PRESS RELEASE

Engen Violates Permit Conditions – City Authorities Fail To Act

07 July 2005 - In probably the first test case for the new National Environment Management: Air Quality Act 2004 [1] the South Durban Community Environmental Alliance [2] and groundWork [3] are seeking answers as to why the eThekwini Municipality is failing to take action against Engen for violating their permit conditions.

The Engen Refinery permit [4] states that the operations at Engen must not contribute to exceedences of sulphur dioxide [5] 10 minute World Health Organisational guideline on more than 35 occasions annually. During the period of 7 March 2005 to the 9 April 2005 an investigation undertaken by the SDCEA highlighted that the eThekwini Health Department’s monitoring station at Settlers School recorded 64 exceedences of the 10 minute WHO guideline related to Engen operations. This translates to Engen violating the permit condition during this period on 29 occasions.

The eThekwini Health Department corresponded with Engen on the 18 March 2005 indicating that already by then there was 13 exceedences recorded which were related to Engen. It is critical to note that in every progress report on the Air Quality Programme produced by the eThekwini Health Department states that the “permitting system will be the chief institutional vehicle to affect the reduction programmes”. The new National Environment Management: Air Quality Act 2004 also lays the responsibility for action at the doorstep of the eThekwini Municipality.

SDCEA in correspondence to the eThekwini Municipality dated 24 May 2005 indicated concern “with the continuous violations of the permit issued to the Engen Refinery … it is critical because it touches the only precise and enforceable demand in the Engen permit.” SDCEA and groundWork is concerned by the fact that there is failure to take action on this violation.

In further correspondence to the eThekwini Municipality on the 13 June 2005, SDCEA indicates that: “The situation with the violation of the Engen permit is the first example of the authorities’ ability to enforce the permit conditions and until now SDCEA does not find that the course has been satisfactory.”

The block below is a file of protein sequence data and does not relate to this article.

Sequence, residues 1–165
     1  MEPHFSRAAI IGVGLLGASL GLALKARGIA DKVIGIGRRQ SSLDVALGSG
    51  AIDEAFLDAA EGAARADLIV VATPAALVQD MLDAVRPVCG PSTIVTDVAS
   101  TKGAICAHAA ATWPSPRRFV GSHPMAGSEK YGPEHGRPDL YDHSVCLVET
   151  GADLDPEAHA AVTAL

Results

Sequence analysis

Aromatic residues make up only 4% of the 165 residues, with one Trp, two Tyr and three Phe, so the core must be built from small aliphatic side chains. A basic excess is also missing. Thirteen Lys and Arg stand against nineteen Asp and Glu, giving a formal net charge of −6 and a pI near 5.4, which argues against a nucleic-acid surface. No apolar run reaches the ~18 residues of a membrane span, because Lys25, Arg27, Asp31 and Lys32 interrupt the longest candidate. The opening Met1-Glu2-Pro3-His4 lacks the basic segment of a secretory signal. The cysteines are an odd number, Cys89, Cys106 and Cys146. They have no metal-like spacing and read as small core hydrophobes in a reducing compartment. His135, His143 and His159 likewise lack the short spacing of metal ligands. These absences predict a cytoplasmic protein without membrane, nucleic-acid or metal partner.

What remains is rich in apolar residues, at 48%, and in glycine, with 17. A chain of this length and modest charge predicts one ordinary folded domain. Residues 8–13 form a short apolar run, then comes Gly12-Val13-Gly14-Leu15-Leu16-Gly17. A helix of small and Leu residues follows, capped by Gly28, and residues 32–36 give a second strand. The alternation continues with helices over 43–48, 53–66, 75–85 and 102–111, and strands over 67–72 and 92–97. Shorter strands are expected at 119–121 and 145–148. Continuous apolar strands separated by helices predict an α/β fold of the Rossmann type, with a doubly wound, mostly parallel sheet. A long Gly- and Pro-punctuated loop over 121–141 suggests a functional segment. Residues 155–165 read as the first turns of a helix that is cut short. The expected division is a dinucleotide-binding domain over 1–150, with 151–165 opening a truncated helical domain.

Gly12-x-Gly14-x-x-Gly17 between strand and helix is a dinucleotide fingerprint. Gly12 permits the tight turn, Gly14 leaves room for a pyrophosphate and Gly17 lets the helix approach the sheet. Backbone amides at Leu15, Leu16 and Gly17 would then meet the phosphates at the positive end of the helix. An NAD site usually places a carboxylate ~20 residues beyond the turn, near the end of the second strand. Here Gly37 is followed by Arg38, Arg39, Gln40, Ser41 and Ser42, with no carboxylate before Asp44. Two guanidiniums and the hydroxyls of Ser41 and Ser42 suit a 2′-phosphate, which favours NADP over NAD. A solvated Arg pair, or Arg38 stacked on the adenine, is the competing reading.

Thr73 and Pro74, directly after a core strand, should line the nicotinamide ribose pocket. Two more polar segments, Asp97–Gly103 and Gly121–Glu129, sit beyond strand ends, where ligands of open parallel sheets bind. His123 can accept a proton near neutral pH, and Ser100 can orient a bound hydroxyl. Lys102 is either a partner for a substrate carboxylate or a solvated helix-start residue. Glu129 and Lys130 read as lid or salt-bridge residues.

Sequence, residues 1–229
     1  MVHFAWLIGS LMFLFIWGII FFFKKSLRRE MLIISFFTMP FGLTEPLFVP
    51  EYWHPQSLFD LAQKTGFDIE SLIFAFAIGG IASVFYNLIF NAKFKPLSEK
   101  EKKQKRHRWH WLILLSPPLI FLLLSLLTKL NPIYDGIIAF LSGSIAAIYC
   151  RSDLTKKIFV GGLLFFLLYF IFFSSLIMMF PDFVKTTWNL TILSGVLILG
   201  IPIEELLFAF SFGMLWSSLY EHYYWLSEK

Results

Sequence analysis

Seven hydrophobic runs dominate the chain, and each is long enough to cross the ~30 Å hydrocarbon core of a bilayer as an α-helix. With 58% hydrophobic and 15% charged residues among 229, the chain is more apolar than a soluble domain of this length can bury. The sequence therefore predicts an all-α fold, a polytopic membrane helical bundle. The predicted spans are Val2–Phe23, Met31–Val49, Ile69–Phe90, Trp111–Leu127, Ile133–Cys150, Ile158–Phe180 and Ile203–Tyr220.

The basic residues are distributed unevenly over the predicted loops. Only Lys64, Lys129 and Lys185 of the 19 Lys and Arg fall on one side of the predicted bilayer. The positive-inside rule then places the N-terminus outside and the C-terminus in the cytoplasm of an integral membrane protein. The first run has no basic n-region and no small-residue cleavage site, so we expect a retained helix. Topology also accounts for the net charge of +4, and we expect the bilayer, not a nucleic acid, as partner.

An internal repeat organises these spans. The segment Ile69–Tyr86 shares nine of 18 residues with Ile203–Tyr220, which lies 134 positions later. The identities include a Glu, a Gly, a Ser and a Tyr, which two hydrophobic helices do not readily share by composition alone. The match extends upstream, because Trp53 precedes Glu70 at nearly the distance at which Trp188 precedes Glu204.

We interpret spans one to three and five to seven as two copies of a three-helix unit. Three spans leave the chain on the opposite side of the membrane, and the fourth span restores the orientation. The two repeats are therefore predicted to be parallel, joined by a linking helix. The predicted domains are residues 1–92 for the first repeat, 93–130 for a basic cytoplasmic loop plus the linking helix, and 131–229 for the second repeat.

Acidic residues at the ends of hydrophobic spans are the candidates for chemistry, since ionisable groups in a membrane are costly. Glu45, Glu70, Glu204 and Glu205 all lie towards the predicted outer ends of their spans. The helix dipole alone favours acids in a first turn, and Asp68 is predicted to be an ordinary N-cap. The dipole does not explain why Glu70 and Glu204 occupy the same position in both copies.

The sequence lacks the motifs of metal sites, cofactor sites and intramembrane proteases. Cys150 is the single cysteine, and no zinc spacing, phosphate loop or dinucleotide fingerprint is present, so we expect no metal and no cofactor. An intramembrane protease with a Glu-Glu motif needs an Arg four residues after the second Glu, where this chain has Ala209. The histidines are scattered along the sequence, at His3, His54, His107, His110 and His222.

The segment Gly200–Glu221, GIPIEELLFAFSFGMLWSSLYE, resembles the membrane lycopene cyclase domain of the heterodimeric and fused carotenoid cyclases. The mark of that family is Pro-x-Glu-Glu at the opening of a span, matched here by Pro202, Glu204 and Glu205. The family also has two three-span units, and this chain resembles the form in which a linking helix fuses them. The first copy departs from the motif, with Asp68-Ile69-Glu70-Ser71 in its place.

Farida Khan of SDCEA and Birgit Tejg Jensen of Denmark who have been following this case is concerned by the Municipality’s slow response to this critical violation of the permit that has a direct impact on the learners of Settlers School. “Our children’s health is compromised by the corporate violations and we demand that the city take action immediately” states Farida Khan.

Engen did undertake an investigation into these exceedences and they indicate that: “No significant operation problems were identified.” The investigation indicates that the increase in SO2 concentrations “were dependent on meteorological conditions”. “Blaming the weather conditions is an age old excuse used by industry” indicates Siziwe Khanyile, the groundWork Air Quality Coordinator. “What is significant is that there are exceedences during normal operating conditions and this is critical, because what Engen is admitting to is that they need to improve their normal operating conditions and this is we want.”

Engen has indicated in the report that they are going to install continuous monitoring of their sulphur in their fuel gas and investigations are been done on a de-sulphurization additive to reduce sulphur emissions from the Engen plant.

After detailed investigations by SDCEA and indicating clear examples of violations in the Engen permit, the question must be asked if the eThekwini Municipality is serious about holding industries accountable for their pollution. Industry must be made to understand that the new permits are legal documents and as such must be respected. If the administration is not able to enforce the permits, the whole monitor programme is in vain.


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Footnotes:


[1] http://www.groundwork.org.za/AirQuality/Final%20Air%20Quality%20Act.doc

[2] SDCEA is a local environmental justice organisation based in south Durban that provides a collective voice for the various community organisations and residents in south Durban, who live adjacent to the petro-chemical industrial developments in the south Durban area.

[3] groundWork is an environmental justice organisation working focusing on air pollution, waste and corporate abuse and works with community organisations living adjacent to petro-chemical facilities in south Durban, Sasolburg, Secunda and Cape Town. (www.groundwork.org.za)

[4] eThekwini Municipality 24 December 2004.

[5] For information on SO2 visit http://www.groundwork.org.za/Chemicals/sulphur_dioxide.asp